Newshawk: Maritimers Unite for Medical Marijuana
Pubdate: Thursday, April 17, 2003
Source: Halifax Herald (CN NS)
Author: Amy Pugsley Fraser
Good news for claiming pot
Ontario user says its possible to claim weed on income tax
An Ontario medical marijuana smoker has some good news for sick Nova Scotians who want to claim their pot as a medical expense on their income tax returns.
"It's not a problem," Alison Myrden said in an interview Wednesday from her Burlington home.
"We've been doing this for the past few years."
The 38-year old former corrections officer was one of the first Canadians to successfully claim the cost of her marijuana as a legitimate medication for her multiple sclerosis.
A Nova Scotia woman told the Herald this week she won't file her tax return this year because Canada Customs and Revenue agency is denying her claim. However, filing returns should be a little easier now for Jane Parker of Lunenburg County.
The key, said Ms, Myrden, is a doctors prescription - the same piece of paper that opened the door to her own smoking permit from Health Canada.
"It has to be prescribed to us by a doctor, otherwise we wouldn't be allowed to have the federal exemption," she said.
Like 800 other Canadians, Ms. Myrden's permit exempts her from prosecution under Section 56 of the Controlled Drugs and Substances Act.
"(The doctors) just write a note saying they prescribe cannabis as medicine," she said.
"Then they sign their name, we photocopy that and send it in with our taxes."
"Exemptees" or "medpot" smokers, also have a few other document requirements, including submitting receipts outlining their "purchases".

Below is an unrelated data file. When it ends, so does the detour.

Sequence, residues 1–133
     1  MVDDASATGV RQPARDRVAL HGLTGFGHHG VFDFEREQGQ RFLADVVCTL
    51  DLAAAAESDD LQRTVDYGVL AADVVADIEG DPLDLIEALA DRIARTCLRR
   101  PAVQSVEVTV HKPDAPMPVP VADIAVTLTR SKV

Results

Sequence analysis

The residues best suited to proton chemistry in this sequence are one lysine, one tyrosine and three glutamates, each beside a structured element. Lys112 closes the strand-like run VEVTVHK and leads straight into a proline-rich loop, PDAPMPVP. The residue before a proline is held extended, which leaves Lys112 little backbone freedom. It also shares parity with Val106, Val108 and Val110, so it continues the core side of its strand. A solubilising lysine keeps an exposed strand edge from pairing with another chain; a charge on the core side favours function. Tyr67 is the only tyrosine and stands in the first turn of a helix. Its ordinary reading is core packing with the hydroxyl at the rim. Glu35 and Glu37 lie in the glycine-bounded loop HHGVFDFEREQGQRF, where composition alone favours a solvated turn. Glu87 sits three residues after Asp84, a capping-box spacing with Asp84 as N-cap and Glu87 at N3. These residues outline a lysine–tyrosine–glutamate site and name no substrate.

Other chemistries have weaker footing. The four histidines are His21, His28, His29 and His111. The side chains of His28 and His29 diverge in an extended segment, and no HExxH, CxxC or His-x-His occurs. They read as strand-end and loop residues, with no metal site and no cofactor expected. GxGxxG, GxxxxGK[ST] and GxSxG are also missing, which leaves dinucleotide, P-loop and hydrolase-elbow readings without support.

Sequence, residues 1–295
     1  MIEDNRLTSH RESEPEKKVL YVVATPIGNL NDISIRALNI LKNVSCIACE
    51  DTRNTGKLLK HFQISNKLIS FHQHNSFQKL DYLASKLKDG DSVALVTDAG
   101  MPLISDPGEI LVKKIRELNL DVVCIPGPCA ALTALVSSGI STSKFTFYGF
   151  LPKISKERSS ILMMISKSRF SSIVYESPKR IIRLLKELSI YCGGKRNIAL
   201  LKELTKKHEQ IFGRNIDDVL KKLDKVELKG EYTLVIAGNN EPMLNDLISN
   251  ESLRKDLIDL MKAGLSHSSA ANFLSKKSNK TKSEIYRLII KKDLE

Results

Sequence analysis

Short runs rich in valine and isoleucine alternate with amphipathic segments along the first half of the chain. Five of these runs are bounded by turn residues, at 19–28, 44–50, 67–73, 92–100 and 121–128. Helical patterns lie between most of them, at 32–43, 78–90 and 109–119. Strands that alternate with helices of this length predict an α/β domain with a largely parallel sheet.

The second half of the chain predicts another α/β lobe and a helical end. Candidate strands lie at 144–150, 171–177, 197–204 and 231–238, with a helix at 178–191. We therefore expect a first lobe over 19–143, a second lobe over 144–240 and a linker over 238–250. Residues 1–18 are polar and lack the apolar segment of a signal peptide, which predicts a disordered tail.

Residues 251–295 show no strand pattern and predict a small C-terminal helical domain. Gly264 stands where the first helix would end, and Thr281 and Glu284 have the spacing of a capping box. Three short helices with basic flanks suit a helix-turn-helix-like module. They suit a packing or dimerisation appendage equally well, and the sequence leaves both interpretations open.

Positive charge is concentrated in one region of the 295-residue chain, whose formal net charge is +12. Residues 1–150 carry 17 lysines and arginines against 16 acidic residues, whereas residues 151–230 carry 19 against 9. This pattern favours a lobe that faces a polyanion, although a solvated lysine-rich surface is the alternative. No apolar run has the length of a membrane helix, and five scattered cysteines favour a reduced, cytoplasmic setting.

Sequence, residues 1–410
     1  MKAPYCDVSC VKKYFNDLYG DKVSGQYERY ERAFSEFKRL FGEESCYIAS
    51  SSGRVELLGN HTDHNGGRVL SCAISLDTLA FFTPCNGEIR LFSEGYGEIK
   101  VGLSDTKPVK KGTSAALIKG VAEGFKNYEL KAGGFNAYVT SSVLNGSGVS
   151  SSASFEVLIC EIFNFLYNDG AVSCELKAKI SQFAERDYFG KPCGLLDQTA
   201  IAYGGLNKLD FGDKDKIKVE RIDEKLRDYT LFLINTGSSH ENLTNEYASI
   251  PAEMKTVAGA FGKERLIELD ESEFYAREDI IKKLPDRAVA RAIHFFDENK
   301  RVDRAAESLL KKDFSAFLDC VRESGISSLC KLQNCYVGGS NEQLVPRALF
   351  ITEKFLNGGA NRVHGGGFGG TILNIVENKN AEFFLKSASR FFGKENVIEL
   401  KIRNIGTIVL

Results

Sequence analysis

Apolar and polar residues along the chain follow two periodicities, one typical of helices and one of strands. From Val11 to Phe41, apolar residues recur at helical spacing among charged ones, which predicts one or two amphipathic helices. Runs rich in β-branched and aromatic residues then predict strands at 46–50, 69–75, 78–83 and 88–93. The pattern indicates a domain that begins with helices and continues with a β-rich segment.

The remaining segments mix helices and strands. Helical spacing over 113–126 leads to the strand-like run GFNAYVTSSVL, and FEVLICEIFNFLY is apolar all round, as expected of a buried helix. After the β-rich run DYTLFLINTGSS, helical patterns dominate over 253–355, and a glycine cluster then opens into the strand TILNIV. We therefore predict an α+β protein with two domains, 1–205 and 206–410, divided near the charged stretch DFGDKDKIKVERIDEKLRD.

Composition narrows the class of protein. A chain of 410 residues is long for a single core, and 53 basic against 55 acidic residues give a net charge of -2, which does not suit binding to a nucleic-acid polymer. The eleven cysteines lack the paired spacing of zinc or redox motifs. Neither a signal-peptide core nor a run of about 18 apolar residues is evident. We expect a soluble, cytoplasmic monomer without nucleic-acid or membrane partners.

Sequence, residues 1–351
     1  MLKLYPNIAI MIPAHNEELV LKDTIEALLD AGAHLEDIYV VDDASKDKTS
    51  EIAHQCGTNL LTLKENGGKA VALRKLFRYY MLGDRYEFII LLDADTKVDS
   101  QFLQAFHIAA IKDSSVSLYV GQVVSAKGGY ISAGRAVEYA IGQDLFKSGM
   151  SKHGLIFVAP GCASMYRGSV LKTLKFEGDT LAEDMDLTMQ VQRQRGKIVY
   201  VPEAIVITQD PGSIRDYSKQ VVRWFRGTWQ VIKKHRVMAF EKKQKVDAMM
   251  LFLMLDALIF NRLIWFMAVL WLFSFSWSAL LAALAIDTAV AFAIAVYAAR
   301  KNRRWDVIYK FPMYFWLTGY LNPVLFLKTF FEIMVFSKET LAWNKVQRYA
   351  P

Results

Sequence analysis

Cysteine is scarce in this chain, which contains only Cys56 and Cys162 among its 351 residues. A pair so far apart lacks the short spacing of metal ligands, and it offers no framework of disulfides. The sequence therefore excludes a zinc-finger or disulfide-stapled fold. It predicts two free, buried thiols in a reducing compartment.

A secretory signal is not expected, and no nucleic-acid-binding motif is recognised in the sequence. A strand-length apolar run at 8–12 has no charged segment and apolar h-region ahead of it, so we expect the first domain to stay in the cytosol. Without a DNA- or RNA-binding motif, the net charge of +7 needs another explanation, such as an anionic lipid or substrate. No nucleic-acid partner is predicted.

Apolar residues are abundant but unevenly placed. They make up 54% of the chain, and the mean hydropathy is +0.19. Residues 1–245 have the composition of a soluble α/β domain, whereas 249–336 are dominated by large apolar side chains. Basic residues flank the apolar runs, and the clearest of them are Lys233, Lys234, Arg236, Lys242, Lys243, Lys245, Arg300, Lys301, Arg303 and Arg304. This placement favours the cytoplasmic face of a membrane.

A bit of creativity is allowed because most drug sellers aren't willing to identify themselves.
"The dealers obviously won't sign the receipts," Ms. Myrden said with a laugh.
"So we have to sign for the people we are purchasing from."
Users must also submit a copy if their federal exemption card and a note saying the marijuana is an over-the-counter narcotic for medical use only and prescribed by their doctor and Health Canada.
"So its a little bit complicated," she said. "But its worth it."
Ms. Myrden, who uses an accountant to do her taxes, has spent about $14,000.00 annually for the past eight years on medical marijuana. Her permit is to smoke 12 grams a day is one of the highest in the country.
"I eat it, drink it, smoke it," she said.
But she's without the drug right now because she can't afford the $1200.00 a month.
"And I'm so desperate that my neurologist put me on the marijuana pill...which doesn't help at all.
"I take over 32 pills a day when I don't have medical marijuana," she said adding her drugcocktail makes her sleepy and sick.
Besides MS, which she's had since her teens, Ms. Myrden suffers from severe facial pain called tic douloureux, or trigeminal neuralgia.
"It's associated with four percent of people with MS.
"My doctor told me the other day that he can't do anything else for me, there' nothing else out there."
But medical marijuana helps - and one strain in particular.
"When I have this type of marijuana, within 10 minutes the pain in my face is gone for over two hours."
Ms. Myrden is one of nine Canadians suing Ottawa for the right to use the government's experimental marijuana crops being grown in Flin Flon, Man.
"They've been sitting on it for how many years now...and its not fair that we're not allowed access to it."
A Supreme Court decision is expected in July.
"All I need is my medication to be somewhere where I can access it - affordably."
In the meantime, Ms. Myrden says its important to spread the word about marijuana's legitamacy for tax purpose.
"This is so new to the country that not everyone knows how it works.
"We all want to be on the same page at Revenue Canada, we don't want to be doing our own thing to get it on our taxes."
Ms. Parker says she's going to take the advice and send off her tax return.
"I still don't feel good about filing my taxes but I will...and I dare them to disqualify me!" she proclaims.
"Take me to court!"
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